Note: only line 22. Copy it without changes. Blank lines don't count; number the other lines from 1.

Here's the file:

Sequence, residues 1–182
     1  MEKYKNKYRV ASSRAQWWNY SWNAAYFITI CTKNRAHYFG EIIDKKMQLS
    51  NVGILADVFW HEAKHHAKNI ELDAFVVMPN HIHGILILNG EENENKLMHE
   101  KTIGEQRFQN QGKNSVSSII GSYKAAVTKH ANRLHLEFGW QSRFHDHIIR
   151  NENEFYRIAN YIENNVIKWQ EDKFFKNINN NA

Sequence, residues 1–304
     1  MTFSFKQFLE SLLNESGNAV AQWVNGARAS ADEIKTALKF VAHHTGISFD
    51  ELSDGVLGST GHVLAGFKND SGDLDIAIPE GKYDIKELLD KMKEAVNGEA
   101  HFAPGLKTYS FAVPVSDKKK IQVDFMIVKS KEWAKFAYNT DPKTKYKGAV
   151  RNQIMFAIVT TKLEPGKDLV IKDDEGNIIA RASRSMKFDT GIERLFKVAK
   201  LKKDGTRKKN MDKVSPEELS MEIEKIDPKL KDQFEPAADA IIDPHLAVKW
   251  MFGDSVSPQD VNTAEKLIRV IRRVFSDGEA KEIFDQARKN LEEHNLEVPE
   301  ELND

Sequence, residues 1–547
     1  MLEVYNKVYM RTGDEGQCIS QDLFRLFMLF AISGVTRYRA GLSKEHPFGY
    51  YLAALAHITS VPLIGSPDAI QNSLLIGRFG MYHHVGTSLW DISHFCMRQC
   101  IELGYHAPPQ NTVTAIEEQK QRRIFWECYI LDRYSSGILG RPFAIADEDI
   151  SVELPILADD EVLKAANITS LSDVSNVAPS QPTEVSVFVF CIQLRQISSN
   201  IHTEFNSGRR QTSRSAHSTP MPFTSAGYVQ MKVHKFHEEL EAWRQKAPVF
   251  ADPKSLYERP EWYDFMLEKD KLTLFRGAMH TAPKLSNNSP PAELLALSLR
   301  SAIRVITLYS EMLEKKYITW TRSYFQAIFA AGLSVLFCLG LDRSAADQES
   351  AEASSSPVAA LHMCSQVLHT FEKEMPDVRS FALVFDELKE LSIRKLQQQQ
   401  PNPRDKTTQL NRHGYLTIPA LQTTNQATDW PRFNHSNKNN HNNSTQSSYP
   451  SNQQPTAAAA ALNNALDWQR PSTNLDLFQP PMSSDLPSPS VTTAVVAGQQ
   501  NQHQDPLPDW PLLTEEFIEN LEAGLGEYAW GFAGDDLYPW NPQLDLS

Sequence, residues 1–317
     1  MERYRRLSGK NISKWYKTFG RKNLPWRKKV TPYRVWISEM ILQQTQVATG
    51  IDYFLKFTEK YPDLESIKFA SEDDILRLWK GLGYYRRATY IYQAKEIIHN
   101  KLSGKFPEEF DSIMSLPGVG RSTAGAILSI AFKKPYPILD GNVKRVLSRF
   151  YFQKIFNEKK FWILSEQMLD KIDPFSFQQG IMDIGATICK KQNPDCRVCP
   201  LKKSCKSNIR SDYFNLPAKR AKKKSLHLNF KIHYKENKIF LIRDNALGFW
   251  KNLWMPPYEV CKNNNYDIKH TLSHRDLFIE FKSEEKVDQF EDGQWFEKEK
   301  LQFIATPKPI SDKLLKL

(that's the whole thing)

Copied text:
   351  AEASSSPVAA LHMCSQVLHT FEKEMPDVRS FALVFDELKE LSIRKLQQQQ